Braves extend the contract of GM Frank Wren

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The Braves have just announced that they agreed to a contract extension through 2014 with general manager Frank Wren.

Not surprising. And, even though I snark at him sometimes, not a bad move. Wren doesn’t always hit, but he’s hit more than he’s missed lately, and the player development machine — pitchers mostly, but some good position players like Jason Heyward, Freddie Freemen and Andrelton Simmons — he has kept operation in good order. His non-move on the Ryan Dempster deal was a good one. He hasn’t done harm, and that’s probably the most important thing.

And really, given that the fundamental dynamic of running the Atlanta Braves involves dealing with the iron-clad budget given to the team by their corporate overlords at Liberty Media, keeping a guy who is used to that is probably a good move.

Wren’s biggest immediate challenge: filling holes at third base — and the middle of the lineup, really — with the retirement of Chipper Jones and center field with the presumed departure of free agent Michael Bourn.  He now has a couple years more breathing room in which to do it.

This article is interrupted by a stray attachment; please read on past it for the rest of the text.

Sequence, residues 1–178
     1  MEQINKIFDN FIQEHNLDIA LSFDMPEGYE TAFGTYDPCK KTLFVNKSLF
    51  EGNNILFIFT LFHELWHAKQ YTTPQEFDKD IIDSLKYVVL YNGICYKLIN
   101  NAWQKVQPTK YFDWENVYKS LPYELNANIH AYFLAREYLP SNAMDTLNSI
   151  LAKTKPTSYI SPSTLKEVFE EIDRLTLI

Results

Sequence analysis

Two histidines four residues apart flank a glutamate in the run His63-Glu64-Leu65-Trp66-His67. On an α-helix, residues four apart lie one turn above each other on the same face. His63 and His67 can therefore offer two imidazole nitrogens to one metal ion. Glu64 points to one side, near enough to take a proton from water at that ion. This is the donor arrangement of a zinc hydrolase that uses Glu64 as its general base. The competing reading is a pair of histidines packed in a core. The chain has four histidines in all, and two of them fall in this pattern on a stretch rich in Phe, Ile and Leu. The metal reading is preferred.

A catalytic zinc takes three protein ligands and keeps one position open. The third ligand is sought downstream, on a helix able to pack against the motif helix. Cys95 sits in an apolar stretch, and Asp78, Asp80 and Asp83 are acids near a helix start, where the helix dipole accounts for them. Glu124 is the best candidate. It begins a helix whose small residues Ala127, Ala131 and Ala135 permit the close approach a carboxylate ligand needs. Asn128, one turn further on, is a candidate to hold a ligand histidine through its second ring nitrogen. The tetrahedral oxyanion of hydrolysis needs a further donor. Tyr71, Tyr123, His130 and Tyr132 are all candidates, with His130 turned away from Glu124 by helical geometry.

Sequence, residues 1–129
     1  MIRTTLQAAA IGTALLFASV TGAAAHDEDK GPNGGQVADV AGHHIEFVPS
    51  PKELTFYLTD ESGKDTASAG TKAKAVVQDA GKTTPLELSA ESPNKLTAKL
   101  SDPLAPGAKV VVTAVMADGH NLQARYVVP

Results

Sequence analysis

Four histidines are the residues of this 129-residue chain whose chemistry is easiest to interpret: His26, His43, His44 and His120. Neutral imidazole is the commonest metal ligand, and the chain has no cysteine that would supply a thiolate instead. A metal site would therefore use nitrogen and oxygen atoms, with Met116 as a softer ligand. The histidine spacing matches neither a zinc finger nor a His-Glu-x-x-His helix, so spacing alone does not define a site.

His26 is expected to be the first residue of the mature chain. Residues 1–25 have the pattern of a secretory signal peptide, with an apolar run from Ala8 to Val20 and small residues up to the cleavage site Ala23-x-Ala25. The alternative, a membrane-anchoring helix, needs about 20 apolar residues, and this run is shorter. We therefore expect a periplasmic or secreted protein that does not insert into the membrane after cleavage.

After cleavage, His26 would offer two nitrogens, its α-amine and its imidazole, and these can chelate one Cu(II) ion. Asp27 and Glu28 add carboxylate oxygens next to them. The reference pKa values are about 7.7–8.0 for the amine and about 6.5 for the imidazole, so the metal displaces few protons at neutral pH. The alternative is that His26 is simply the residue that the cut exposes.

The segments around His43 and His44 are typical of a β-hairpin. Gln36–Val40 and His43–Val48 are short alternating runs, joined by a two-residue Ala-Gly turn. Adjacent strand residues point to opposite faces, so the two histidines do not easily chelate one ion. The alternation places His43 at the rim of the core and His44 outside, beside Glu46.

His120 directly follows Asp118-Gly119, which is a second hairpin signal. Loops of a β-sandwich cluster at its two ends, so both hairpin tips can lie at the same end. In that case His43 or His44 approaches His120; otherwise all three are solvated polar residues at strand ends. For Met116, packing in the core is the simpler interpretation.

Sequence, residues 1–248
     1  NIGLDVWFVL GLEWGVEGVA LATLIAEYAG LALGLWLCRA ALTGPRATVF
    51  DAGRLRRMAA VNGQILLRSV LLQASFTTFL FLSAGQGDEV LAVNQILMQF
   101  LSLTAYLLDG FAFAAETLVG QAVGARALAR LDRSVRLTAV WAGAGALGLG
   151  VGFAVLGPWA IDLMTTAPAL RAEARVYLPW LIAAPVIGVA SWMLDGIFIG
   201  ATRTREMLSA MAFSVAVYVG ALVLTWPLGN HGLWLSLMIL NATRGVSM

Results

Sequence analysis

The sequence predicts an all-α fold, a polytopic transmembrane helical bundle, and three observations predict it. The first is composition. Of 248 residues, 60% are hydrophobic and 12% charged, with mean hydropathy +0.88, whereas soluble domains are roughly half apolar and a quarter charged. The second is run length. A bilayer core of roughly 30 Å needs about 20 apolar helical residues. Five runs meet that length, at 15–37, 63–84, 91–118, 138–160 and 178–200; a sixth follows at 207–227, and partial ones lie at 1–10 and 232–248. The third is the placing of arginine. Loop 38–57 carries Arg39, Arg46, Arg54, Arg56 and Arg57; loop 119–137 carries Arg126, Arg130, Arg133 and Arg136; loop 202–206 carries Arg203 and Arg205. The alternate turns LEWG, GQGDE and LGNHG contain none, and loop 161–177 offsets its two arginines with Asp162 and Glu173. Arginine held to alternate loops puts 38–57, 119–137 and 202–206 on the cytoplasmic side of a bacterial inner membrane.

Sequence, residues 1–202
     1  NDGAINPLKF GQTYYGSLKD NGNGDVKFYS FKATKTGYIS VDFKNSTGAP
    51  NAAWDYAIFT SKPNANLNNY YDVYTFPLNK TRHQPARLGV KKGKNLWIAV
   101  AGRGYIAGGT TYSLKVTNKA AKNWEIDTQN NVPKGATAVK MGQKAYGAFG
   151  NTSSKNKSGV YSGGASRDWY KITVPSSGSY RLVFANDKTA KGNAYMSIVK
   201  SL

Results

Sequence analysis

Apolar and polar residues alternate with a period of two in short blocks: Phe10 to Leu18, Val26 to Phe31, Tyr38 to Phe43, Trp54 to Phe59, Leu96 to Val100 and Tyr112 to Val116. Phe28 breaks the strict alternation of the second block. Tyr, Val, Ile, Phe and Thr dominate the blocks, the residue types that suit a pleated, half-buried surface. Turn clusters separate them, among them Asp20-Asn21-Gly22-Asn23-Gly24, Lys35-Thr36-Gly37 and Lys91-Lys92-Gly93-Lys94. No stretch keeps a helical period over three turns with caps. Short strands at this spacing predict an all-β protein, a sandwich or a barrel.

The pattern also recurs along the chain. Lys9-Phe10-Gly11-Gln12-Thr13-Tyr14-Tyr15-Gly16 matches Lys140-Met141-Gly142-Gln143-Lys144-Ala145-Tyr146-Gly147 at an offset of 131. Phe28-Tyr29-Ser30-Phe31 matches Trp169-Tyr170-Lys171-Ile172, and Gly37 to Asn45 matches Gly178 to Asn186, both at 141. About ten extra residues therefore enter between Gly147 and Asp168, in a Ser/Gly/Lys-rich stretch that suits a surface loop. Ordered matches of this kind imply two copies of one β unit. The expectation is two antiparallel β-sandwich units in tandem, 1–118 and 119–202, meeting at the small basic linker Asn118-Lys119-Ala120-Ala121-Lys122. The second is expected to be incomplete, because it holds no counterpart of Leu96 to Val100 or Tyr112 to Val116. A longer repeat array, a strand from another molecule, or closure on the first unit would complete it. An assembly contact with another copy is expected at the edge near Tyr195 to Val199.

21-year-old Gleyber Torres homers twice off of 44-year-old Bartolo Colon

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Yankees second baseman Gleyber Torres was born on December 13, 1996. That year, Bartolo Colon (who turns 45 years old on Thursday) was wrapping up a season he spent with Double-A Canton-Akron and Triple-A Buffalo. He would debut in the majors the following April.

In a clash of generations, the 21-year-old Torres and Colon squared off on Monday as the Yankees visited the Rangers. Torres won the battle twice, drilling a two-run home run off of Colon in the second inning and a solo shot off of Colon in the fourth. Colon wound up giving up six runs in total on eight hits (including four homers) and a walk with four strikeouts in 5 1/3 innings.

Here is video of the first homer Torres hit:

Torres is the second-youngest Yankee in club history with a multi-homer game. Mickey Mantle was 20 years and 296 days old when he went yard twice on August 11, 1952. Torres is 21 years, 159 days old. Joe DiMaggio was 21-212 when he hit two on June 24, 1936.

So much for respecting one’s elders. We’re currently seeing a youth movement in baseball. 19-year-old Juan Soto hit his first major league homer on Monday against the Padres. 20-year-olds Ronald Acuña and Mike Soroka debuted for the Braves earlier this year. Could 19-year-old Blue Jays prospect Vladimir Guerrero, Jr. join them soon?